Purpose: We completed a systematic review of the literature on the effect of yoga on quality of life and physical outcome measures in the pediatric population. We explored various databases and included case–control and pilot studies, cohort and randomized controlled trials that examined yoga as an exercise intervention for children.
Summary of Key Points: Using the Sackett levels of evidence, this article reviews the literature on yoga as a complementary mind–body movement therapy. We address the research through three practice patterns according to the Guide to Physical Therapist Practice and provide considerations for the inclusion of yoga into clinical practice.
Statement of Conclusions and Recommendations for Clinical Practice: The evidence shows physiological benefits of yoga for the pediatric population that may benefit children through the rehabilitation process, but larger clinical trials, including specific measures of quality of life are necessary to provide definitive evidence.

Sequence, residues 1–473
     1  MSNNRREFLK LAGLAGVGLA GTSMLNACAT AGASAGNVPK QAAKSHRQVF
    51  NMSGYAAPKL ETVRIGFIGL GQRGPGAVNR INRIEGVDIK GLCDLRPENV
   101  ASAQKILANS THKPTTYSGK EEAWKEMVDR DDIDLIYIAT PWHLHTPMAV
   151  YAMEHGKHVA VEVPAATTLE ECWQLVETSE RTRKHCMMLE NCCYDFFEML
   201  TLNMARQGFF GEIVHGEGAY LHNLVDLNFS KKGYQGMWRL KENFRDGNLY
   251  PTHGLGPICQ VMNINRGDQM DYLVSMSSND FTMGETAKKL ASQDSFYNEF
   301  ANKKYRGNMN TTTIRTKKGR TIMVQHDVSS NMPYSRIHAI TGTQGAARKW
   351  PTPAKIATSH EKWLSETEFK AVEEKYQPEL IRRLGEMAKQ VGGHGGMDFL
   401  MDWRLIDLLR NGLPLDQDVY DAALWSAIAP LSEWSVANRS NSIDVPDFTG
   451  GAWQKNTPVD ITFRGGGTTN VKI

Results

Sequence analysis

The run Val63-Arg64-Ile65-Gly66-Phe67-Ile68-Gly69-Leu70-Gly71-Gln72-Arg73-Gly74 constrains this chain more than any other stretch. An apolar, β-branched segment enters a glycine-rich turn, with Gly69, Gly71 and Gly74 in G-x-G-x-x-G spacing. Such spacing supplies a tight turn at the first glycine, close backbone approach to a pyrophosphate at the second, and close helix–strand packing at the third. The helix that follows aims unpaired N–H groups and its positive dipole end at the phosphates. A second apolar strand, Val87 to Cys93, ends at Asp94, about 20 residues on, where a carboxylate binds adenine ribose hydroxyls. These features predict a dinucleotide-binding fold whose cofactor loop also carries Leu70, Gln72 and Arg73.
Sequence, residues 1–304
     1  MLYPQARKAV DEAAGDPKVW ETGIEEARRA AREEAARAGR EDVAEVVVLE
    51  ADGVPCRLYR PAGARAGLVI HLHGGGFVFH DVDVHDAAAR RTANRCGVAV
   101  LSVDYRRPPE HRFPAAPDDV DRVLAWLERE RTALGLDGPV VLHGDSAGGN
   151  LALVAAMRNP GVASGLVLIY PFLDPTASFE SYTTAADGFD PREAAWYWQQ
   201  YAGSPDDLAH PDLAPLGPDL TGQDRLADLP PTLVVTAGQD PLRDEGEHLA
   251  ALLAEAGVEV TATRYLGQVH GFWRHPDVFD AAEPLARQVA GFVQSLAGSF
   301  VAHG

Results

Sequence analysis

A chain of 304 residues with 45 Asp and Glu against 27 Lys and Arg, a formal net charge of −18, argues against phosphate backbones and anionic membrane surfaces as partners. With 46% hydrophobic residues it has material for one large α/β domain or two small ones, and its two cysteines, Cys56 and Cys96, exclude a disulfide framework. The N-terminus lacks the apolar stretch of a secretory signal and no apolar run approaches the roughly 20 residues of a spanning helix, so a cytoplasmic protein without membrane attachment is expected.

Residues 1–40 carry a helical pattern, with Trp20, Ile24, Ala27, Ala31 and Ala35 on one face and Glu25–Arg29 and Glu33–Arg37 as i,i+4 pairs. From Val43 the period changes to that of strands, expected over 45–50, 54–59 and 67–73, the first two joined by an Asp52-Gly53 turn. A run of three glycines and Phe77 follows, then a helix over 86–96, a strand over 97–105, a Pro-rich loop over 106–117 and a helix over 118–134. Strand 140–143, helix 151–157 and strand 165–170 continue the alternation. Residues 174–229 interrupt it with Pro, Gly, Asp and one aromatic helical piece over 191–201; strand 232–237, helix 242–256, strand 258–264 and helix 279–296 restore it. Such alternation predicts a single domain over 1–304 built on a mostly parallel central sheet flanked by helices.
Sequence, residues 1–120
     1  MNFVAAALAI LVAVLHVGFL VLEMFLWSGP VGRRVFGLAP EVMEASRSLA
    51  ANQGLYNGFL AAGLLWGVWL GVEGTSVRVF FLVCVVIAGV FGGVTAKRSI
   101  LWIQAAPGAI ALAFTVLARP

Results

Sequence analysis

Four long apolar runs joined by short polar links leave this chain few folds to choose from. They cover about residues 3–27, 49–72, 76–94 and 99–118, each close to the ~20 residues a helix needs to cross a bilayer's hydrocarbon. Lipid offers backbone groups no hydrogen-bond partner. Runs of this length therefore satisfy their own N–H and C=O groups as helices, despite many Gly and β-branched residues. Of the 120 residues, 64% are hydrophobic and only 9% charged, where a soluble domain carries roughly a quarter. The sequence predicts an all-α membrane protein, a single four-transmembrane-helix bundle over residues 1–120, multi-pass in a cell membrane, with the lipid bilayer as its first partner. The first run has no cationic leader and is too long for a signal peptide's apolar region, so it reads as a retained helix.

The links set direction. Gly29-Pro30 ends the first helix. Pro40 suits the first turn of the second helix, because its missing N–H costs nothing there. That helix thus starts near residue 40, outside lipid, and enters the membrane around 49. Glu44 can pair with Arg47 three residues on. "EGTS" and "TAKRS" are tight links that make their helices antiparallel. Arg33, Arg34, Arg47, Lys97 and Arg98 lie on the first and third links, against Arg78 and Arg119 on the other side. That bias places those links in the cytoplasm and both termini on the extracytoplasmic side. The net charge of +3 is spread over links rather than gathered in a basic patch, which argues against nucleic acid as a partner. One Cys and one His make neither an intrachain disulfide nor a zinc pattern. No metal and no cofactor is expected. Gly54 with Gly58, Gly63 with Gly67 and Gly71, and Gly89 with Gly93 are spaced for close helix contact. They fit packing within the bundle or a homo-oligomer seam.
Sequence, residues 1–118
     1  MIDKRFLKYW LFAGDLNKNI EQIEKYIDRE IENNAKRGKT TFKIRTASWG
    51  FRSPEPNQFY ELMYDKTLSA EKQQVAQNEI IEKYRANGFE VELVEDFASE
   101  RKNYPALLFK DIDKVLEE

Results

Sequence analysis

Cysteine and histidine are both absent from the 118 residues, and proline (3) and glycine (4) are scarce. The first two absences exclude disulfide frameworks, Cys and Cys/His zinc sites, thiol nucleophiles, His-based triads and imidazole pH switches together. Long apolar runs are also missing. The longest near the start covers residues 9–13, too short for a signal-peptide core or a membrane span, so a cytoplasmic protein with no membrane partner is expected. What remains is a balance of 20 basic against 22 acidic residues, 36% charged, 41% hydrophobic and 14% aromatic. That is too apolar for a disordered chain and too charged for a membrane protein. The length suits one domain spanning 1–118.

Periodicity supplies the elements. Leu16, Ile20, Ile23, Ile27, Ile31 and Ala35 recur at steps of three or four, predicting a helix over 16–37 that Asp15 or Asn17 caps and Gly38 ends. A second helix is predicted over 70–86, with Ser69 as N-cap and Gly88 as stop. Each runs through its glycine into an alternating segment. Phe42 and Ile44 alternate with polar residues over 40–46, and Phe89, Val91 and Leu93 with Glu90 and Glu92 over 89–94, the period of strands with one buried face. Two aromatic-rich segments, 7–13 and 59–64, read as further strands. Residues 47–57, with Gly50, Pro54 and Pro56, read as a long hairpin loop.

This systematic review reports the physiological effects of yoga that may benefit children during the rehabilitation process, but larger clinical trials including specific measures of QOL are necessary to provide definitive evidence.
Physical Therapy Program (M.L.G., R.G., L.Q.), The Richard Stockton College of New Jersey, Pomona, New Jersey, and University of Pennsylvania (M.L.G.), Philadelphia, Pennsylvania
Address correspondence to: Mary Lou Galantino, PT, PhD, MSCE, The Richard Stockton College of NJ, PO Box 195, Pomona, NJ 08240. E-mail: Marylou.email@example.com